When seeing the tourist sites like Museo de Antioquia and Plaza Botero in El Centro in Medellín it is also worth stopping at the nearby Iglesia de la Veracruz (Church of the Veracruz) to see what is regarded as one of the oldest church in the city.
The colonial church dates back to 1682 when the first brick was laid. Captain Juan Cespedes Hines started the construction of the church, which was completed in 1712 with the help of European immigrants.
By 1791, the church was approaching ruin with a major threat of collapse, so it was demolished almost entirely with rebuilding of the church starting in December of that year.
The Spanish resident Don José Ruiz Peinado reportedly invested a large sum of money helping to rebuild the church. The church reopened in November 1803. The blessing of the present Church of the Veracruz took place on March 25, 1809.
The church has been in operation as a Roman Catholic church of worship since that time except for a portion of time around 1850 when it was closed for renovations.
Iglesia de la Veracruz was declared part of the cultural heritage of Colombia on March 12, 1982.
Inside the Church
The interior of the church is whitewashed and adorned with wooden carvings and splashes of gold. In 1976, the parish priest Celedonio Arismendi decorated the interior of the church with fine gold. Similar to other churches in Medellín, you will also find several pieces of artwork inside the church.
The main altar in the church was reportedly brought directly from Spain.
Iglesia de la Veracruz holds Catholic Mass six times a day on Monday to Saturday and four times on Sunday.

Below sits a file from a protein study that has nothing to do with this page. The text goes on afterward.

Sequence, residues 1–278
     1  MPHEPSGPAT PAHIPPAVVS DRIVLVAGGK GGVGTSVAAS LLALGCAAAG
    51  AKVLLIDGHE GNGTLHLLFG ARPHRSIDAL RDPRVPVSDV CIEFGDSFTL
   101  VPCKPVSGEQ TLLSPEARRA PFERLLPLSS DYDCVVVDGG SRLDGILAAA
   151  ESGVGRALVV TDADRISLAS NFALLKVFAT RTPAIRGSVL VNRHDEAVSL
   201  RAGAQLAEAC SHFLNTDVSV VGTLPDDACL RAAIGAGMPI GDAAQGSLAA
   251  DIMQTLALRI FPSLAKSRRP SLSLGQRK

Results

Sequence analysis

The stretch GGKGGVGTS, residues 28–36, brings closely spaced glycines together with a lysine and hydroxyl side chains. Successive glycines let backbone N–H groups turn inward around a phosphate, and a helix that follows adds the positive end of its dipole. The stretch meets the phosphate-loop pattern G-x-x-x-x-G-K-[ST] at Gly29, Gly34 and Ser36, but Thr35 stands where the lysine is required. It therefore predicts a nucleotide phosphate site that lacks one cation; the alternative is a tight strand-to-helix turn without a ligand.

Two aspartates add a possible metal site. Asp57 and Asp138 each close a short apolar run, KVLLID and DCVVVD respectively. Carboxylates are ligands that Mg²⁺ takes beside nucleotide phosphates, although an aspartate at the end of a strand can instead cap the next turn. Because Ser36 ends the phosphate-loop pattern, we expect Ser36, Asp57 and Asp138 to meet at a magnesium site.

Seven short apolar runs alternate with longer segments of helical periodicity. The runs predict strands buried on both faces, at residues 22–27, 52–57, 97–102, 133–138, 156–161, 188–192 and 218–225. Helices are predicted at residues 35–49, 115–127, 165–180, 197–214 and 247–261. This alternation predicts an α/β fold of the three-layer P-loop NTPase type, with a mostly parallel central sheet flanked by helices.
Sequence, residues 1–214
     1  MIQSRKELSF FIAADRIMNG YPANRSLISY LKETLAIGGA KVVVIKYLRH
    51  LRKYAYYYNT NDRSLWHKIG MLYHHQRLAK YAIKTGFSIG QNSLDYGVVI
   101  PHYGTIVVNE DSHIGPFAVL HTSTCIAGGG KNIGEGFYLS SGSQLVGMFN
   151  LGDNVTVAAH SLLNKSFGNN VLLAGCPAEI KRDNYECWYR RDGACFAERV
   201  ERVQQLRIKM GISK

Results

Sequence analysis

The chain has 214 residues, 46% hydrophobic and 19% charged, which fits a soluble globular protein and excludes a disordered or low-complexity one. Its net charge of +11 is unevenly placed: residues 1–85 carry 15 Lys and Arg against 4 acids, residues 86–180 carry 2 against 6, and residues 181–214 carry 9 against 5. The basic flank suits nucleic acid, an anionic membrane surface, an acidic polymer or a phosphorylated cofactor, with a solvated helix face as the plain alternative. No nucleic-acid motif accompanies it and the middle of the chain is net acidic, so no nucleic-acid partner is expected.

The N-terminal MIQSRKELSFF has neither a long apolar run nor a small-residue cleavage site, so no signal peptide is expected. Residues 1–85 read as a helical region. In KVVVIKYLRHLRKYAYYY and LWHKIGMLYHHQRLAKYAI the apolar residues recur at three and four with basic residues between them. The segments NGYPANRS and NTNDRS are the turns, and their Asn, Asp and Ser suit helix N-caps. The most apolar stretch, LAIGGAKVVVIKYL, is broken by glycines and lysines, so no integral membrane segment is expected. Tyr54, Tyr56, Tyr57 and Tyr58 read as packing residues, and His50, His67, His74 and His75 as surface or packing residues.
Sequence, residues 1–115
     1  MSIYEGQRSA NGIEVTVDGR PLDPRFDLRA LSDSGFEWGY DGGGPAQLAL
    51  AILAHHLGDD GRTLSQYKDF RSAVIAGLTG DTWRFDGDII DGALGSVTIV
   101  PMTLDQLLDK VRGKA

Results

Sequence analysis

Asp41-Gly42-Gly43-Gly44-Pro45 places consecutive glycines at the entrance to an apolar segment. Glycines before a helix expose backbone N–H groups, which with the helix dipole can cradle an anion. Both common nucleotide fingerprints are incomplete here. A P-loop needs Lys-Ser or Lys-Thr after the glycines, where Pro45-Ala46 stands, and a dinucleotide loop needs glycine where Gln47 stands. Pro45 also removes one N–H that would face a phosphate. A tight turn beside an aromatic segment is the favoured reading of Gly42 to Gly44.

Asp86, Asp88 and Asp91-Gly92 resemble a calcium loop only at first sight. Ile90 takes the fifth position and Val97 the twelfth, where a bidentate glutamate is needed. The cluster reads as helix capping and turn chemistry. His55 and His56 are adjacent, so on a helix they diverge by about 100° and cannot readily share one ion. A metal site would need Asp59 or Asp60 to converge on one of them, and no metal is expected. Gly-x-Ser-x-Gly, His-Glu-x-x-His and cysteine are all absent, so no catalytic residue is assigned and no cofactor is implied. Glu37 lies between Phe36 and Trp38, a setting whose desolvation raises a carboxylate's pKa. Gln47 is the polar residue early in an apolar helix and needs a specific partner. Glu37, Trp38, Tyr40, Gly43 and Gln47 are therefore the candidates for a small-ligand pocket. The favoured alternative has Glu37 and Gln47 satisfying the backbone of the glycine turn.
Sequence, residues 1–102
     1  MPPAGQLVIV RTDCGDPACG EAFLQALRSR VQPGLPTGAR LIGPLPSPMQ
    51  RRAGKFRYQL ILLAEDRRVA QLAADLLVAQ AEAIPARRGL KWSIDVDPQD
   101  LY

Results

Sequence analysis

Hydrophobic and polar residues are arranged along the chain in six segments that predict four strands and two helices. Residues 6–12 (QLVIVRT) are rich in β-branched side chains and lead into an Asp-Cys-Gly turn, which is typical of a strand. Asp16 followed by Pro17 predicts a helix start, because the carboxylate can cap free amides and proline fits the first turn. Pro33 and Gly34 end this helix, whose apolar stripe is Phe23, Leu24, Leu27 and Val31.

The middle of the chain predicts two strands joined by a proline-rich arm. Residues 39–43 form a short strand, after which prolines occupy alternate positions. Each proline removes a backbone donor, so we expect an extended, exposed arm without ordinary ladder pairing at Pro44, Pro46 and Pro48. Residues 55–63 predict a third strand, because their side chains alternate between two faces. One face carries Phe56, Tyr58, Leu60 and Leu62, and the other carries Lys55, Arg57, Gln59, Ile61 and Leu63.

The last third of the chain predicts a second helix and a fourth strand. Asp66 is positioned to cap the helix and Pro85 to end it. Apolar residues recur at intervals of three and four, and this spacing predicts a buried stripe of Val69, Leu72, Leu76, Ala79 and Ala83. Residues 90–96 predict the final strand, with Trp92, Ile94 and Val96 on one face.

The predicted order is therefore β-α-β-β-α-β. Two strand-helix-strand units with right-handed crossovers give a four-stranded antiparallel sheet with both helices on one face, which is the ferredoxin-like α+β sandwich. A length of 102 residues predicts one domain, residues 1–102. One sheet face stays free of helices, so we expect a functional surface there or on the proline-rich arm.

Note that the doors to the church normally open shortly before the scheduled Mass sessions, if you arrive at another time the doors may be closed and you won’t be able to see the inside of the church.
How to Get There
Iglesia de la Veracruz is located about a block south of Museo de Antioquia and Plaza Botero. The church is also located roughly 100 meters (1,076 feet) from Parque Berrio and the metro station.
An easy way to get to the church is to take the Medellín metro to the Parque Berrio station and then walk about a block and a half west along Calle 51 from the metro station.
Or you can ask any taxi driver in Medellín to take you to “Iglesia de la Veracruz en el Centro,” they all will know where it is.
The area in front of the church is relatively safe during the daylight as there are typically many police patrolling around the area with the popular Museo de Antioquia and Plaza Botero located nearby.
However it is not recommended to walk past the church along Calle 51 to Carrera 53 (Cundinamarca), which is the street running perpendicular located about half a block behind the church, as this is an area that, unfortunately, has a bad reputation for crime and street prostitution.
Thanks for covering the oldest church in Medellín. Considering how old it is, the church has been kept in good condition. As far as I know it is the only colonial church having been preserved in Medellín.
Since there’s a fill-in box for a website – I just put mine there – it’s just a website for documenting most of my art works over the years. Anyway…………Jeff, thanks for this article of the church. It gives me another location to take friends to when they are here. I’m just amazed everytime I go to the Botero Plaza, that it isn’t spiffed up more for tourists like other cities are. No cafe’s, handicrafts, ice-cream stores, only local paisa stuff. I probably should be happy because one day it’ll be too many tourists milling around!
That’s not the oldest church in Medellín as the current building dates back to 1809 while the Basílica de Nuestra Señora de la Candelaria’s current building, right at the Parque Berrío dates back to 1776.
Thanks, this has been corrected in the article.